A letter written by Alfred Dreyfus, a French-Jewish soldier who was wrongfully convicted of spying, is expected to fetch at least $130,000 at an auction in Paris.
Polish director Roman Polanski’s next film will be a political thriller based on the Dreyfus Affair.
The so-called Dreyfus Affair was one of the flashpoints of modern history, an event that cast an ominous shadow over the fate of European Jewry and, not incidentally, motivated Theodor Herzl, who covered the trial as a journalist, in his creation of Zionism — if a Jew could be victimized in France, the birthplace of “Liberty, Equality and Fraternity,” where in the world were the Jews truly safe from anti-Semitism?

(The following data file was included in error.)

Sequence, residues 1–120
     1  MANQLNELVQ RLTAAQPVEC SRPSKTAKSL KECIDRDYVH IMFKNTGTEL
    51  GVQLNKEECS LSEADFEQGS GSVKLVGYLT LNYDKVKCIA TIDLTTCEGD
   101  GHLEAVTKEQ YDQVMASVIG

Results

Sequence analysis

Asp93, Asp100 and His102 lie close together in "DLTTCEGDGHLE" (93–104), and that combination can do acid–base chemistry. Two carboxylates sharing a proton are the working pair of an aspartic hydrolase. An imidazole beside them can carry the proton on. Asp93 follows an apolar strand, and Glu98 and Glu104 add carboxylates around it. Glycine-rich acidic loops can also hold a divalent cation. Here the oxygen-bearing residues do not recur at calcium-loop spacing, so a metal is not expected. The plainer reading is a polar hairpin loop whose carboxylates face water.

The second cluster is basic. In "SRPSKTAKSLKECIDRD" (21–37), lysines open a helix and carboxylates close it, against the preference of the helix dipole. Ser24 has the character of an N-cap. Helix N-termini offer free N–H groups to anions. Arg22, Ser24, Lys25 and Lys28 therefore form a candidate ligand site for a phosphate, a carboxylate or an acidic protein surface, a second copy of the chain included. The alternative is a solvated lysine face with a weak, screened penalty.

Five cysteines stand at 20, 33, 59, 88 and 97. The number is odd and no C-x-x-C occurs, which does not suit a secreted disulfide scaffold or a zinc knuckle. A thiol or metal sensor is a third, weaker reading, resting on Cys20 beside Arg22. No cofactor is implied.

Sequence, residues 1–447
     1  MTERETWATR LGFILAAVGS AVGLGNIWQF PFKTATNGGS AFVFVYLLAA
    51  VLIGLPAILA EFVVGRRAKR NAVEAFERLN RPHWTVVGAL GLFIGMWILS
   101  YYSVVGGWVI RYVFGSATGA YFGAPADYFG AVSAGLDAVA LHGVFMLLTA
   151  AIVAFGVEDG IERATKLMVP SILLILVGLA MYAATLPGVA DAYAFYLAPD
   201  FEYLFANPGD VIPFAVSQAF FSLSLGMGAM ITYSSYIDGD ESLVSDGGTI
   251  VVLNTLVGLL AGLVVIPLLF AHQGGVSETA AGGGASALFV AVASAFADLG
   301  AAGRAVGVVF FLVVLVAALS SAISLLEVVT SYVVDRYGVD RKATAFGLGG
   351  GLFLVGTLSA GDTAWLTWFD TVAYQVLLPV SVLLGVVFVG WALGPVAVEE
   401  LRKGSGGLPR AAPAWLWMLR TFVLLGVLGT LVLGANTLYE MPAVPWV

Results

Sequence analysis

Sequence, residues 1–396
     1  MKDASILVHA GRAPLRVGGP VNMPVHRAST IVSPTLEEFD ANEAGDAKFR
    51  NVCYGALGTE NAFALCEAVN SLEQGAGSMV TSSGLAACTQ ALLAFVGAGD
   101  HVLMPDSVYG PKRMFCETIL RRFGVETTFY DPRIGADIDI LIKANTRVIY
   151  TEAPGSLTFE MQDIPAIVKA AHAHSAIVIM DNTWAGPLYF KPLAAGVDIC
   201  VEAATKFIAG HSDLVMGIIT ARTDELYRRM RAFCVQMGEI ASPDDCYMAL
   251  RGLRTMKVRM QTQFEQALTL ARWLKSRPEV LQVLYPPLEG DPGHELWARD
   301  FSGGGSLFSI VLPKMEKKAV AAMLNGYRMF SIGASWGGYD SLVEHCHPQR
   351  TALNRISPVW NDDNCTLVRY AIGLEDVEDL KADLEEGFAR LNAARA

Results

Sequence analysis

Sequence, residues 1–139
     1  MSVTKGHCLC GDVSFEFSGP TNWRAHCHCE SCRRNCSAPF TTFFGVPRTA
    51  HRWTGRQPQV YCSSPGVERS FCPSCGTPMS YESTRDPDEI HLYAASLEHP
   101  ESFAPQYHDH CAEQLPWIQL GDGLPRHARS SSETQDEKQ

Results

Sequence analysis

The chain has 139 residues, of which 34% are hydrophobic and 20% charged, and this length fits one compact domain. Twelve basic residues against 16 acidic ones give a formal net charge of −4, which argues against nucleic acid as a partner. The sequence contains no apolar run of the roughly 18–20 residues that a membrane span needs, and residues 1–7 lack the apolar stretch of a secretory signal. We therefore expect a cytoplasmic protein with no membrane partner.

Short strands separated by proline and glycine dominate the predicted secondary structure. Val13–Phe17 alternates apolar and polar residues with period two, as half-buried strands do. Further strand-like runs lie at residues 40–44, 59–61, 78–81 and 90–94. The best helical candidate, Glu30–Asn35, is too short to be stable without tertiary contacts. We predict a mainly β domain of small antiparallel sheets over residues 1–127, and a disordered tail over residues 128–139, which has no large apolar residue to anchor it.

Few, other than historians of the period, will recognize July 12 as a date of any significance in the annals of European anti-Semitism.
Many modern forms of anti-Semitism, not least the Dreyfus Affair, can be seen as a reaction to the emancipation of the Jews in Western and Central Europe following the French Revolution, according to Dr. Michael Berenbaum.